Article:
Fannie and Freddie's Boss Speaks Out On Obama's Refi Plan


Barely two weeks after President Obama proposed expanding a government mortgage refinance program in order to make millions more borrowers eligible, the man who would have to guide such a program announced yet another barrier to entry.

The President's plan would work through Fannie Mae and Freddie Mac and their existing Home Affordable Refinance Program (HARP), by potentially eliminating loan-to-value ratios and lowering fees. But fees at Fannie and Freddie are about to go up, according to their conservator, the Federal Housing Finance Agency (FHFA).

"A logical next step in conservatorship is to continue down the path already started of gradually increasing guarantee fee pricing to better reflect that which would be anticipated in a private, competitive market," acting FHFA director Ed DeMarco told an audience of mortgage bankers today day in Raleigh, NC.

When I pressed him on this point after his speech, DeMarco told me, "I don't believe that fees are, certainly fees alone in the current refinance program is the key barrier to further thorough put on this program."

He went on to defend the higher fees as part of the Administration's plan to ultimately phase out Fannie and Freddie and bring the private market back in to mortgage investing.

"The long-term path forward, both for the companies and conservatorship, and the best outcome for the country is to gradually move more mortgage credit risk activity into the private sector and to have greater reflection of what would be private sector pricing," argued Demarco.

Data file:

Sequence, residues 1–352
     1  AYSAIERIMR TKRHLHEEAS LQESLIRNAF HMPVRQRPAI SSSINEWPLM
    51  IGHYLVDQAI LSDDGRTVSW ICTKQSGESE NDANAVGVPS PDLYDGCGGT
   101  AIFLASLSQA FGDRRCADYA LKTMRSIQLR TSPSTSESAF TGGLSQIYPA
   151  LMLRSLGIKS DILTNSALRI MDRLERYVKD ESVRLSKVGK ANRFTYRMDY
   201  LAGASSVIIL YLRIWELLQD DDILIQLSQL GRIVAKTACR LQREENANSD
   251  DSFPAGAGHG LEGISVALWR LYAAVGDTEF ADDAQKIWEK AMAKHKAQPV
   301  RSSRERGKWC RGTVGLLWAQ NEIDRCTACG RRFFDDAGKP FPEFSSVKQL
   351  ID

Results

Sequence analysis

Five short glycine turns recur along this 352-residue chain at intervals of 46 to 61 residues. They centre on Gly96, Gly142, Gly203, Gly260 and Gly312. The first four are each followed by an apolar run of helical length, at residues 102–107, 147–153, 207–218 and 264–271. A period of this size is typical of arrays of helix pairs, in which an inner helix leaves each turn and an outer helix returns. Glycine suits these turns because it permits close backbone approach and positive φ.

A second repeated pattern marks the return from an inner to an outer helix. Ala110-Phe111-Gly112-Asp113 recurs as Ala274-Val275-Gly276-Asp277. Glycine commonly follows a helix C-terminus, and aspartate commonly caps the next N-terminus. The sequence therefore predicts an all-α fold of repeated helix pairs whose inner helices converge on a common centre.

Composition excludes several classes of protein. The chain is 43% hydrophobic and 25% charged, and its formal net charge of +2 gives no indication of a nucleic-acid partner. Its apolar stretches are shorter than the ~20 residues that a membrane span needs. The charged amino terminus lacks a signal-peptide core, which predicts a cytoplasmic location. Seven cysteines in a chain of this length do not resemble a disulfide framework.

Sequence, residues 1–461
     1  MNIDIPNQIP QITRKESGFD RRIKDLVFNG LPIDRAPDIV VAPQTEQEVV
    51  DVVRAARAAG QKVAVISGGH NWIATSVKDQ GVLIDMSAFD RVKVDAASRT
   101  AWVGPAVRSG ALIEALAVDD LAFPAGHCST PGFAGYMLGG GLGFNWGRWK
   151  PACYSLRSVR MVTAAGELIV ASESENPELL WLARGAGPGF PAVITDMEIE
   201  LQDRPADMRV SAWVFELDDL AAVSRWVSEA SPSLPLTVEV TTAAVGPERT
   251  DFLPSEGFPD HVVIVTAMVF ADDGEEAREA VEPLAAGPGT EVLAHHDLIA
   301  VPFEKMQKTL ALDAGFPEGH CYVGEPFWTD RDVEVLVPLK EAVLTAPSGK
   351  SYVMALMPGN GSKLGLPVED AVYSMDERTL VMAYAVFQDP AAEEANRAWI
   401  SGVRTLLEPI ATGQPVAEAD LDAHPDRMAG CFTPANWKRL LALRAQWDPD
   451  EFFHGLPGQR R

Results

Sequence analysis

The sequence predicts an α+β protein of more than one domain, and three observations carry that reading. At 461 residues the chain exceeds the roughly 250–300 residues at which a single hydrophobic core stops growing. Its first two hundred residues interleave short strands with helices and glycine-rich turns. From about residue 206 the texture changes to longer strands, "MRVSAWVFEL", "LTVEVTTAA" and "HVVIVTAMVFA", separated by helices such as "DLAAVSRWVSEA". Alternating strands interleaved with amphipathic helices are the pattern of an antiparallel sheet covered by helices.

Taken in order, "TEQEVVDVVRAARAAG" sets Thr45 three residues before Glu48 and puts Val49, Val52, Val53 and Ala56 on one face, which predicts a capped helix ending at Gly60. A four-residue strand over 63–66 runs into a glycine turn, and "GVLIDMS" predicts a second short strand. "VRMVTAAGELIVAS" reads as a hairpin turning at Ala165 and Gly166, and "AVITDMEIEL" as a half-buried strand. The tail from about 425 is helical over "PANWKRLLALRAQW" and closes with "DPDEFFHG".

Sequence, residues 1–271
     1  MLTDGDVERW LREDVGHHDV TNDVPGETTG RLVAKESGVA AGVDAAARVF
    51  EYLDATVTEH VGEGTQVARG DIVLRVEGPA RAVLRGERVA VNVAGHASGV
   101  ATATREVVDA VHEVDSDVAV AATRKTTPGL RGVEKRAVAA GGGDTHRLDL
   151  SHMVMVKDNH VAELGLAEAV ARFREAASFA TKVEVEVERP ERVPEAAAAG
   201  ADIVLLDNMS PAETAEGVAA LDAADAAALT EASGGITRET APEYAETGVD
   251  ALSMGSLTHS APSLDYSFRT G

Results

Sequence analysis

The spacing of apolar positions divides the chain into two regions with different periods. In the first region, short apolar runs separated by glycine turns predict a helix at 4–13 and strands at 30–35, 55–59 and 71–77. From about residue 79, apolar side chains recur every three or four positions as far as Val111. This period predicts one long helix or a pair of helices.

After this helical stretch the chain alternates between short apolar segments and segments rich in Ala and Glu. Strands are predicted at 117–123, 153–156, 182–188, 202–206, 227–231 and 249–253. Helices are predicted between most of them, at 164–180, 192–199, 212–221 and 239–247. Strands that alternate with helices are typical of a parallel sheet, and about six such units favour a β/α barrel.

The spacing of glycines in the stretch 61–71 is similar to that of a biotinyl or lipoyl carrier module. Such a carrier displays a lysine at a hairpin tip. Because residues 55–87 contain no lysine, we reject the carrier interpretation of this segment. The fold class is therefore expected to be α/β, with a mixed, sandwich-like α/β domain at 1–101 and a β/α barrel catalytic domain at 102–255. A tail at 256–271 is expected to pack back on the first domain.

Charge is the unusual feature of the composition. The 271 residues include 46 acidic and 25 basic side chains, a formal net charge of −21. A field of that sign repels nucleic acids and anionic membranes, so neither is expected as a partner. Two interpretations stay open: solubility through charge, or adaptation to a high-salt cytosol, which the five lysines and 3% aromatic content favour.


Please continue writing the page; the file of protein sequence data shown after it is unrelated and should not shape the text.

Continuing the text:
It is a familiar argument for DeMarco, who is constantly caught between what is best for the books of Fannie Mae and Freddie Mac and what will ultimately help save the still-struggling housing and mortgage markets. DeMarco was in fact more defensive than ever when I suggested that he defends the two mortgage behemoth at the cost of the overall housing market.

"For your listeners to be clear, the American taxpayer is the one that is supporting Fannie Mae and Freddie Mac. I feel like what I'm doing is I'm following the law as it exists today, and that law is to protect the American taxpayers," said DeMarco.

DeMarco is following Congress' mandate, to be sure, but politics, as always, are now overriding that mandate. President Obama needs to be able to claim he's doing something to help struggling borrowers, because ignoring the housing crisis is a huge political negative right now. However, the fact remains that if the President wants to refinance more borrowers, then guarantee fees at Fannie and Freddie have to come down. Despite what DeMarco claims, industry experts tell me they are the primary barrier to entry for the bulk of potential refinancers. Less than a million borrowers have refinanced through HARP to date, and that is far fewer than hoped or even expected.

The President's proposal, like so many of the government's housing bailouts, will likely be long in coming and short on results. Furthermore, the refinance proposal is an economic, spending stimulus, not a housing market stimulus. There are still millions of borrowers behind on their mortgages, whom this program would not even address. There are also millions more foreclosures heading to the housing market over the next year which will only lower overall home prices further and put more borrowers in trouble. This housing crisis is feeding on itself, while the Administration and federal regulators waste valuable time and energy on politics and proposals that don't come close to addressing the real problem.

Questions? Comments? RealtyCheck@cnbc.comAnd follow me on Twitter @Diana_Olick